Hashimoto thyroiditis (HT) is the most common cause of hypothyroidism. Subacute thyroiditis (SAT) is an uncommon disease with characteristic clinical features. Co-existence of HT and SAT is very rare and diagnosis can be challenging.Case: A 42-year-old woman with HT and multinodular goitre under levothyroxine sodium (LT4) therapy admitted to internal medicine clinic with 1 month history of anterior neck pain radiating to jaw. Thyroid function tests (TFT), erythrocyte sedimentation rate (ESR) and C-reactive protein (CRP) were normal. Neck ultrasonography (NUS) revealed a hypovascular focal area in right lobe (RL) which could be consistent with thyroiditis. However, NUS showed an increase in the size of focal area a week later. She was referred to endocrinology clinic for differential diagnosis (DD). Complaints were consistent with SAT, however TFT, ESR and CRP were normal. LT4 was stopped due to the possibility of thyrotoxicosis in SAT and to perform thyroid scintigraphy (TS). She was anxious and had another NUS by her own will 12 days later. NUS reported further progression of area in RL, and formation of a new area in left lobe (LL) with a suspect of thyroid lymphoma (TL). TS revealed decreased LL activity and increased background activity. DD included three rare situations: TL, painful HT and SAT co-existing with HT. Clinical presentation was consistent with SAT, however no inflammatory response and thyrotoxicosis developed. TL is more prevalent in HT but rarely painful. However, rapid progression of NUS findings suggested lymphoma possibility. We performed fine needle aspiration biopsy (FNAB) to exclude TL. FNAB demonstrated giant cells compatible with SAT. During 6 months of follow up thyrotoxicosis was not observed and thyroid stimulating hormone increased gradually. LT4 was initiated again. She refused steroid therapy. HT, an autoimmune disease, can alter the course of SAT and FNAB may be required for DD.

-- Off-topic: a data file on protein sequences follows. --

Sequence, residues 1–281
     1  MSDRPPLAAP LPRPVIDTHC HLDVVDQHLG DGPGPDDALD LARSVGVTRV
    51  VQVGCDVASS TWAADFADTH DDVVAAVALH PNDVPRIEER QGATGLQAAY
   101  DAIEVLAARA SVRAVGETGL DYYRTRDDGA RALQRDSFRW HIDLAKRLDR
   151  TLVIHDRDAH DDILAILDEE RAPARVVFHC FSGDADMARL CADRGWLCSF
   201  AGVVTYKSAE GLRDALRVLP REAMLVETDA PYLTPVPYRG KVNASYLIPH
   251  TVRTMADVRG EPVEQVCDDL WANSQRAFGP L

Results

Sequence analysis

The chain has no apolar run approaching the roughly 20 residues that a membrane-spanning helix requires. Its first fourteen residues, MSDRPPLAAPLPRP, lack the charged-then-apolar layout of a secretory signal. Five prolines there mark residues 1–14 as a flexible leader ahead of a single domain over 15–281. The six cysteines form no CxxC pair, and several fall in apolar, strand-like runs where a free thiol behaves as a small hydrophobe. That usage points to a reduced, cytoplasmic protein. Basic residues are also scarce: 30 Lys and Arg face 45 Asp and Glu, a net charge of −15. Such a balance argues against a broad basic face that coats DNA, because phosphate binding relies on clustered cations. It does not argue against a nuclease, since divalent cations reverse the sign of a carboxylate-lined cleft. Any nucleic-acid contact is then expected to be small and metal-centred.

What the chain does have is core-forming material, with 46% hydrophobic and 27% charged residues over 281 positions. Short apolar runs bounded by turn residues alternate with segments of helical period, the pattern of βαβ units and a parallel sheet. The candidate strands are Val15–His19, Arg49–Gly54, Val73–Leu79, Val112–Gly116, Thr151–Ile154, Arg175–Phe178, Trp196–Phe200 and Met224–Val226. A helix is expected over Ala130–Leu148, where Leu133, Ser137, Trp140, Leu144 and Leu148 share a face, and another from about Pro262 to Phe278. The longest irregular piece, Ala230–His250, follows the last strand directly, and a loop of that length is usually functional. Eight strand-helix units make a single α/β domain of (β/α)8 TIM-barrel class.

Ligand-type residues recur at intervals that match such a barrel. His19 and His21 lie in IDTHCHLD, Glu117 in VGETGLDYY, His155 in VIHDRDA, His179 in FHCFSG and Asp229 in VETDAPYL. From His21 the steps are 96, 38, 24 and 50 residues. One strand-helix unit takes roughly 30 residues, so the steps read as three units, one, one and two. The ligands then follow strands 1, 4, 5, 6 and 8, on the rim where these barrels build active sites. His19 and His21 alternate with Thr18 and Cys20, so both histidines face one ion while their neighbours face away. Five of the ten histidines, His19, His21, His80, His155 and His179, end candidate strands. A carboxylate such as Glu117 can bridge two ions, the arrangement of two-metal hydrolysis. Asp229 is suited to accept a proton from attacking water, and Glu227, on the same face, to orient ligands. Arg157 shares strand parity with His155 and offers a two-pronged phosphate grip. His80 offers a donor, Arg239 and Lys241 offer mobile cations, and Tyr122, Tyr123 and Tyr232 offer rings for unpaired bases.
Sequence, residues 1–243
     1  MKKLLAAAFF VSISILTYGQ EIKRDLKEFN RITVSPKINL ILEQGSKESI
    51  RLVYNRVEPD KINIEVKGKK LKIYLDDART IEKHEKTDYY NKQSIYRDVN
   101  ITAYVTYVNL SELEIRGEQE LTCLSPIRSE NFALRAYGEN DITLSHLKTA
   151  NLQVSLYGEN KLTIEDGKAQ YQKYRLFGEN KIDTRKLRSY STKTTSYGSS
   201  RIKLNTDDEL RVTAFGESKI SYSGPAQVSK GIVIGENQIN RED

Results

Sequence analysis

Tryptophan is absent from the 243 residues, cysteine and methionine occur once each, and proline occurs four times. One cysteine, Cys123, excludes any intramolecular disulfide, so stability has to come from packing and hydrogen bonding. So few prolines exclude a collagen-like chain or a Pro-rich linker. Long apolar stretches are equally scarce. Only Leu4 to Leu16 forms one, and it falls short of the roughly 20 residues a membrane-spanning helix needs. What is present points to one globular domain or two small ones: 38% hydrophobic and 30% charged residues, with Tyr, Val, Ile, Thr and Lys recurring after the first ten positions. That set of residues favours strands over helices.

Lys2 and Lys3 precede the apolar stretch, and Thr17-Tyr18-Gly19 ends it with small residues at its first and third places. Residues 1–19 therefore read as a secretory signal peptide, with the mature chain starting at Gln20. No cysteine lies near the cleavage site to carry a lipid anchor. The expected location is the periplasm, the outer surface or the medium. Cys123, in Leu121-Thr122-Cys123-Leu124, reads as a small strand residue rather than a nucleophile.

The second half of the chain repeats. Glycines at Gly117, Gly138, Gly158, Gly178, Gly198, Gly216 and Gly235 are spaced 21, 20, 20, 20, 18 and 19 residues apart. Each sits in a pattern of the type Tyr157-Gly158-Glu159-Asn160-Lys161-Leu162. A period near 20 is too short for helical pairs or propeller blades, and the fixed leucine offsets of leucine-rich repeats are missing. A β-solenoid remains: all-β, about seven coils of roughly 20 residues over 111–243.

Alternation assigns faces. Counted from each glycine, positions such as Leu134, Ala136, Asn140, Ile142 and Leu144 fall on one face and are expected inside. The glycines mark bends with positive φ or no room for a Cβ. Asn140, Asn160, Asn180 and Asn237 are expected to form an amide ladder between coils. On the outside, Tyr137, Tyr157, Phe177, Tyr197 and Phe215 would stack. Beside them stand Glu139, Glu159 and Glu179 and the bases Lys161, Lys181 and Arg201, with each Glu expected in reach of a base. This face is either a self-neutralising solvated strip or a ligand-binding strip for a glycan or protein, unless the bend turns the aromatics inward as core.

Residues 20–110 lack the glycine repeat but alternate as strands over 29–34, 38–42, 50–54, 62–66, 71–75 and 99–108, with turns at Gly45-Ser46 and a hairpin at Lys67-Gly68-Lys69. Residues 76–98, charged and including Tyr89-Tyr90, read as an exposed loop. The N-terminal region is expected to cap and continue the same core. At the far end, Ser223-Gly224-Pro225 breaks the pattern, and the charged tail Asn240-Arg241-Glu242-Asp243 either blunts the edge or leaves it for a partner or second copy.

Hashimoto thyroiditis (HT) is the most common cause of hypothyroidism. Subacute thyroiditis (SAT) is an uncommon disease with characteristic clinical features. Co-existence of HT and SAT is very rare and diagnosis can be challenging.